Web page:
The city of Oakland announced that they’re planning on selling their half of the Coliseum, where the A’s will play until the 2024 regular season ends, to a private developer. The San Francisco Chronicle has the details, but there are a couple of things I’m curious about.

The first is that Oakland’s current mayor’s office talked up how they make more money from hosting soccer games at the Coliseum than they did the A’s, so in that sense I’m surprised they’re selling here given they could fill the place with additional events with the Athletics no longer part of the equation as soon as this fall. With that being said, though, the Coliseum does sit on some land developers have been dying to get their hands on, as the Chronicle points out, and there’s plenty that could go in there that would be more productive, financially, than a sports complex that big without a major-league-caliber tenant residing in it.

The second thing is that Oakland owns just half of the stadium — John Fisher, the A’s owner, is “in the process of completing a purchase of the other 50% stake of the Coliseum,” which was in the possession of Alameda County. The A’s bought that from the county back in 2019, but they haven’t yet finished paying it off just yet, is all. So they’re completing that purchase in the near future, but what they do next is in the “remains to be seen” category. The African American Sports & Entertainment Group is who has tentatively purchased Oakland’s half of the Coliseum, and they’ve already reached out to the A’s about the second half. Per ESPN, “the team was not interested in selling.”

However! A court case is scheduled for September that could cause the A’s purchase of that 50% stake to fall through. As the Chronicle reported a few weeks ago:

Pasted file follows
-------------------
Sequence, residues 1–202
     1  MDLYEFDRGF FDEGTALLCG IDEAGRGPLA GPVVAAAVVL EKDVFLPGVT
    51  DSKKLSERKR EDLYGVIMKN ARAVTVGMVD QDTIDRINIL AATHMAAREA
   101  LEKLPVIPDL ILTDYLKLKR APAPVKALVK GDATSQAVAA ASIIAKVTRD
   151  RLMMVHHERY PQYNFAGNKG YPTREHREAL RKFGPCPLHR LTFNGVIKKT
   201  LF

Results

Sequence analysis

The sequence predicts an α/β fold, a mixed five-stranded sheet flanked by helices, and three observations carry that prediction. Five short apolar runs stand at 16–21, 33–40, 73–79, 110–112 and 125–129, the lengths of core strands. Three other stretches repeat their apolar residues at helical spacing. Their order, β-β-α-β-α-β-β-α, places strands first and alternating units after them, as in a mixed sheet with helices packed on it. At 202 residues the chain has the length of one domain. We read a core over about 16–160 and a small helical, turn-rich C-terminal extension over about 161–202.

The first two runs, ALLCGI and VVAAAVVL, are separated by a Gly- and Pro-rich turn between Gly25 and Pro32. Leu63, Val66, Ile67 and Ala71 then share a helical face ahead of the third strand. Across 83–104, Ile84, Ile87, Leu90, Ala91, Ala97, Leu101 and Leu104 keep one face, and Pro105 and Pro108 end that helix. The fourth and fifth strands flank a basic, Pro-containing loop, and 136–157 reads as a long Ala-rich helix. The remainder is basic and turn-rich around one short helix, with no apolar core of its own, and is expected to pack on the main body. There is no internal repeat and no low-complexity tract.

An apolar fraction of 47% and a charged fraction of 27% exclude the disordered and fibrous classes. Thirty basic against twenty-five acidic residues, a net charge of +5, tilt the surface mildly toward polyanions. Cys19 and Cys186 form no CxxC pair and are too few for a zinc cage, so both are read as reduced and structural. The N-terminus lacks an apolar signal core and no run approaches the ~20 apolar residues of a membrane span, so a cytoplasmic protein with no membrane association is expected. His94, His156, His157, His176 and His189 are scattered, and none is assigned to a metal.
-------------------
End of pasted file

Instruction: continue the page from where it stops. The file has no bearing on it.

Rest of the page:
Communities for a Better Environment, a California nonprofit environmental health and justice organization, claims that the county and Coliseum Way Partners LLC, which represents the A’s and team owner John Fisher, ignored the state’s mandatory Surplus Lands Act in the sales agreement.

The A’s purchased that half-interest in the Coliseum site in 2019, ostensibly as a backup site for a new ballpark in the event that their plans fell through to build a ballpark at Howard Terminal. The A’s subsequently declared the Coliseum site unfit for a baseball stadium, yet continued with their purchase.

The A’s don’t have “legal ownership” of the site until 2026, and even though they’re nearly finished paying it off, it could all be reversed through this suit. Which would make things easier for the AASEG in their quest to purchase the entire site, sure, but nothing in this whole endeavor has been easy, so expect whatever the most complicated outcome is.

The NCAA, and its five largest sports conferences, have agreed to pay a settlement of $2.8 billion thanks to antitrust claims. As The Associated Press put it, this is “a monumental decision that sets the stage for a groundbreaking revenue-sharing model that could start directing millions of dollars directly to athletes as soon as the 2025 fall semester.”

The NCAA announcing it doesn’t mean it’s happening, as there’s still plenty of legal stuff, to use a technical term, to get through, including a judge approving of this settlement. What I want to do here, though, since this isn’t entirely my lane, is point you to the outlet I’ll read to learn more about it than I already know: Matt Brown’s Extra Points. I’m writing this the night before it publishes, which is unusual for me, but so it goes with the available time for this edition of the newsletter, so Brown doesn’t have a specific feature to link you to here right now. But he’ll certainly have something eventually that explains all of this better than I can, so keep an eye out.